In due course we wound up at Suspended Looping Coaster Over Water (#2625), a mouthful of a name that can be conveniently (and accurately) abbreviated as SLC-OW. The ride was manufactured by Hebei Zhongye Metallurgical Equipment Manufacturing, though fortunately it tracks far better than their common sit down designs. The first half of the layout is almost respectable, with a curved drop, a loop, an airtime hill, and an Immelmann that is negotiated without particular difficulty. From that point onwards however the experience switches to the bizarre, as much of the track is banked to the side for no reason, putting enormous stress on the track and wheel mechanisms. The result an embarrassment that feels like it was created by an six year old using Roller Coaster Tycoon, as opposed to a professional team of civil engineers.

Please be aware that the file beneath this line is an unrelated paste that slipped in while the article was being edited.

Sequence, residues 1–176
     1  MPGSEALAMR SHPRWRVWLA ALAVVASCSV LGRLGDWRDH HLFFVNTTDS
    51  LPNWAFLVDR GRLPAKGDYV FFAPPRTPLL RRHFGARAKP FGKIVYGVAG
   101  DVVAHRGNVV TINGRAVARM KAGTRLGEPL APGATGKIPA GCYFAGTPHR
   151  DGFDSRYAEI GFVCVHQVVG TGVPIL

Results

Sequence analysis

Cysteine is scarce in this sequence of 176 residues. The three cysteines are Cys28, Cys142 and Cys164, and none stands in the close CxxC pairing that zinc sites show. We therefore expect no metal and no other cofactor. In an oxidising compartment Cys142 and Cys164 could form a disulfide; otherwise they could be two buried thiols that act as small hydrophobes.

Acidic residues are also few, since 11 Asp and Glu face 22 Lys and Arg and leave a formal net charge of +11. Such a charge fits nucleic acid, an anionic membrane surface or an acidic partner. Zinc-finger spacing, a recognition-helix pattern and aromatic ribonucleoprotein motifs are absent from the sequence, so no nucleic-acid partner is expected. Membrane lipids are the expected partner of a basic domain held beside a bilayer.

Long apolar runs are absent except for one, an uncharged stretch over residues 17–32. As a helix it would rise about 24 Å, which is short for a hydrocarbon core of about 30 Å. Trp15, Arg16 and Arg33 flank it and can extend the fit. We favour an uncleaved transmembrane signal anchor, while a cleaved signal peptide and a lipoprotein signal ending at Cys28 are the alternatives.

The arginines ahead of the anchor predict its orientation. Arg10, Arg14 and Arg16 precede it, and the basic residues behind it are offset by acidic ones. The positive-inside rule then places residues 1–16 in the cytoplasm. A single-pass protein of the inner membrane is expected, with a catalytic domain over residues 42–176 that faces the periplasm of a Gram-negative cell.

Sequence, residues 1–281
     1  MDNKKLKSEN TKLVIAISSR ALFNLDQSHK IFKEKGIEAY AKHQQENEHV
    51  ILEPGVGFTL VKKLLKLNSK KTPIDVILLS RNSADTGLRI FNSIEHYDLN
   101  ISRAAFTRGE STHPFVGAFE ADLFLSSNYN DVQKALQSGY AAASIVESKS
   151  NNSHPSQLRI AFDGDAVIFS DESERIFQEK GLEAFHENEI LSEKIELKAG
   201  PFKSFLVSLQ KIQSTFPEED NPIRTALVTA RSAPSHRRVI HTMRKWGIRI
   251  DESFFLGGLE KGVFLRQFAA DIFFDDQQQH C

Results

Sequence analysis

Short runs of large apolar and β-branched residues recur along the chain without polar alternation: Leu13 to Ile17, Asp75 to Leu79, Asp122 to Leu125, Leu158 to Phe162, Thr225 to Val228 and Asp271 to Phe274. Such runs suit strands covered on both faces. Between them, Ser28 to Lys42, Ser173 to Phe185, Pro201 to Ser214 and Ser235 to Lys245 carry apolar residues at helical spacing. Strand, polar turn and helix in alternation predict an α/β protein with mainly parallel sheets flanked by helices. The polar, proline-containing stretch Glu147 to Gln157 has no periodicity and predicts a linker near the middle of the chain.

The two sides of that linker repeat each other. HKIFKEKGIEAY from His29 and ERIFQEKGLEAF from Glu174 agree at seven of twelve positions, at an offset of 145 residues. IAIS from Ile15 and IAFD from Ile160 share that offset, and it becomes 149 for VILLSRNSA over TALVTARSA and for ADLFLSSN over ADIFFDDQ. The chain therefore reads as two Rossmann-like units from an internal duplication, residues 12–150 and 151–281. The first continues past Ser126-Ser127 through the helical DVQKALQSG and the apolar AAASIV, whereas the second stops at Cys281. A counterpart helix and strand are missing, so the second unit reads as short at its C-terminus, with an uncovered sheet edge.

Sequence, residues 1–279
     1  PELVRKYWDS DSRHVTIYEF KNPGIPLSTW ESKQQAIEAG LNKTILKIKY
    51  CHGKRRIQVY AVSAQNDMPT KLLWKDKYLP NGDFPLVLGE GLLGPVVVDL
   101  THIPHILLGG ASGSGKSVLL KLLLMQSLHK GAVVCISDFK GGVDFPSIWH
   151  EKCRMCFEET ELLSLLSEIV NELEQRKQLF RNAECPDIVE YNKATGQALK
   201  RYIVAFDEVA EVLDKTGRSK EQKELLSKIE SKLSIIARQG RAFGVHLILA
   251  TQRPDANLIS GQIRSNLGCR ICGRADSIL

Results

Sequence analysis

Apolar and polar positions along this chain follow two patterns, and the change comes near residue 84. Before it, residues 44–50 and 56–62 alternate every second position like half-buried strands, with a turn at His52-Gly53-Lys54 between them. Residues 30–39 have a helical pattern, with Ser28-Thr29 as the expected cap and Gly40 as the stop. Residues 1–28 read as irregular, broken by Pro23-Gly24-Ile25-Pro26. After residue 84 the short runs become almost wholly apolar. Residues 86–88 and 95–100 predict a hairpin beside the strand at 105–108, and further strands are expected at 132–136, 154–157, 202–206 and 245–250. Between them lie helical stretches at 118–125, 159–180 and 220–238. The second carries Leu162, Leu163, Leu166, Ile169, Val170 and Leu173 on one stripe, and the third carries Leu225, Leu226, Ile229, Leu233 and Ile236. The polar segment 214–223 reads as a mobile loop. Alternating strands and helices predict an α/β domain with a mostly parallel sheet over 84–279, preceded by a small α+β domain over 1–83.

We quickly ticked off the off the Spinning Coaster (#2626) then made our way into Castle Cry, a haunted walkthrough with a particularly dramatic facade and an entrance accessed by escalator. A sign just inside the door made it clear that "if you need to take a ride, please queue up consciously and show your tickets on your own initiative", and we did just that. A member of staff handed us foam rubber tubes lined with coloured LEDs that we were supposed to use for seeing our way, though we found them to be rather more useful as offensive weapons. The scenery inside was a mixed bag; some of the rooms were quite detailed, while others were at the level one would expect to see at a travelling carnival. We also tried the Goteborg Ghost Ship, a very similar installation that doubled as a convenient vantage point for coaster photography.